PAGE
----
by: Issues: November / December 2001. Tags: Strategy. Categories: Strategy.

Business leaders who choose to ignore pressing social, economic and environmental issues do so at their own considerable peril – and their organization’s. But it is for reasons other than avoiding extinction or being branded as a pariah that a business today needs to walk the talk of sustainable development. The author suggests that a business can gain competitive advantage and manage risk by being proactive and responsible. In this article, she maps out the domain of sustainable development and describes the benefits that will accrue to a company that develops sound, effective responses to the issue.

Significant environmental, economic and social issues threaten the stability and welfare of society today. In 1999, according to the World Watch Institute, 52,000 people died from weather-related events associated with global warming. In sub-Saharan Africa, average life expectancy plummeted from a high of 59 years in the early 1990s to 45 years by the end of the decade, primarily because of AIDS-related deaths. Today, and each day, approximately 37,000 infants die from poverty-related causes. Yet in the United States, 61 percent of the adult population is overweight (27 percent are obese).

Some of you who read these statistics will be distressed and believe that something needs to be done to resolve these issues. Others will question the accuracy of these numbers and the validity of the science on which they are based. Corporate executives, however, cannot ignore these issues, as a growing segment of the population strongly believes that they are of significant and increasing importance. For example, people opposed to the negative social, economic and environmental impacts of globalization protested at the World Trade Organization meeting in Seattle in late 1999. The G8 Summit in Genoa in 2001 drew similar high-profile protests that ended in one death and hundreds of injuries. The United Nations Conference on Environment and Development is ramping up for the World Summit on Sustainable Development, also known as Rio+10, in Johannesburg. Scheduled to run from September 2-11, 2002, this event will see the continuation of the dialogue begun at the June 1992 world summit that put sustainable development on the global agenda.

This publicity and social commitment inevitably filters down to local governments and organizations. Whether or not you believe the statistics on sustainable development are based on good science is becoming increasingly irrelevant. Public opinion is coalescing around the view that industrial development must be sustainable. Those organizations that do not respond will come to be seen as dinosaurs and almost certainly face extinction.

Given that the environment and equity issues are often part of the public sector’s social agenda, organizations often look to government for direction. They argue that government owns the natural resources and is responsible for the distribution of wealth. However, this is not entirely the case. These same organizations produce goods and services that use natural resources and generate economic growth; they also choose how much profit they will distribute and to whom. These organizations are therefore an integral part of the sustainable-development issue.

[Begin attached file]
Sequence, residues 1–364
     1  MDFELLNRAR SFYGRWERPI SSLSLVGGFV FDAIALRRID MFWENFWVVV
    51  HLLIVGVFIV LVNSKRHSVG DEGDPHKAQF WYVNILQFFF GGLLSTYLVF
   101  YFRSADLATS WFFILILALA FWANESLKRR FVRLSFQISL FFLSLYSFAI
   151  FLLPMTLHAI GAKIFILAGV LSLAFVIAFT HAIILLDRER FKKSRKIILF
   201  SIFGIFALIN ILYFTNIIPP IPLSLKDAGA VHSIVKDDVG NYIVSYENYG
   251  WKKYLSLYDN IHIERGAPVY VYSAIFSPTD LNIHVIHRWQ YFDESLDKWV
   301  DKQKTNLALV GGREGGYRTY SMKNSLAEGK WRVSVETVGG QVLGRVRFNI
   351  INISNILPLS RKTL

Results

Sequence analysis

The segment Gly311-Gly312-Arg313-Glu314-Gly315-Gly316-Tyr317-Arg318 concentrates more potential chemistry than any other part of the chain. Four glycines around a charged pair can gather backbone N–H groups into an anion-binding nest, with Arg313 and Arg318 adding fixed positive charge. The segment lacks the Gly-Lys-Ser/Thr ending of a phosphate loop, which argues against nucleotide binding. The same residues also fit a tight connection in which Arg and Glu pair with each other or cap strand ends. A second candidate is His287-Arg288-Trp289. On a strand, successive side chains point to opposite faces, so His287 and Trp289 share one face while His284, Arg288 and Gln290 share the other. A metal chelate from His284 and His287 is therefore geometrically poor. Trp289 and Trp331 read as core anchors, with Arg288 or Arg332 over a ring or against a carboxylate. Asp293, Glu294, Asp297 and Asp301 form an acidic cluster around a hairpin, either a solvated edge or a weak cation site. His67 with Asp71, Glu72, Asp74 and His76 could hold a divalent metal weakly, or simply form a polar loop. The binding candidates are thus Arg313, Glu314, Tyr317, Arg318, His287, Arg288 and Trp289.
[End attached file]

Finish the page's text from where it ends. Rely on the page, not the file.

Choosing how to respond is not easy. While the issues that underlie sustainable development are becoming better defined, the solutions that the business community is developing are still in their infancy. In this article, I map out the domain of sustainable development for businesses, identify the nature of the issue, how organizations can respond and the benefits they will derive by responding.


In 1987, the World Commission on Economic Development defined sustainable development as “development that meets the needs of the present without compromising the ability of future generations to meet their own needs.” Sustainable development, then, occurs at the intersection of three general principles: environmental integrity, social equity and economic development (see Exhibit 1). These principles are mutually dependent, in that the success of any one of them is contingent on the success of the other two. Without environmental integrity, the natural resources needed to produce goods and provide services will be depleted. If the environment is compromised, the quality of our food supply will be at risk; there will also be a greater risk of disease. Fresh water is becoming increasingly scarce, soil erosion is threatening rich agricultural land, and the world’s ocean fisheries have begun to collapse. Without social equity, people will abuse land and water resources in order to secure a reasonable quality of life. Millions of hectares of forest are burned down each year in order to provide fuel, housing and food in developing countries. Without economic development, the cycle of poverty will be perpetuated.

Organizations have never had difficulty subscribing to economic principles: Market share and profits are the cornerstone of success for businesses worldwide. Environmental and social equity principles, on the other hand, are often considered to be only adjuncts of the organization’s core activities. There are good reasons, however, why managers need to care about and make sustainable development a central part of their operations.